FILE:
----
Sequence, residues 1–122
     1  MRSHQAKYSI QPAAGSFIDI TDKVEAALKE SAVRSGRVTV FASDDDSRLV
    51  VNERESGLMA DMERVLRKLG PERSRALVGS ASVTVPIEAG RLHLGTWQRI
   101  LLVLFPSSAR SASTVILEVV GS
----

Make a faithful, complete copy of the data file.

Sequence, residues 1–122
     1  MRSHQAKYSI QPAAGSFIDI TDKVEAALKE SAVRSGRVTV FASDDDSRLV
    51  VNERESGLMA DMERVLRKLG PERSRALVGS ASVTVPIEAG RLHLGTWQRI
   101  LLVLFPSSAR SASTVILEVV GS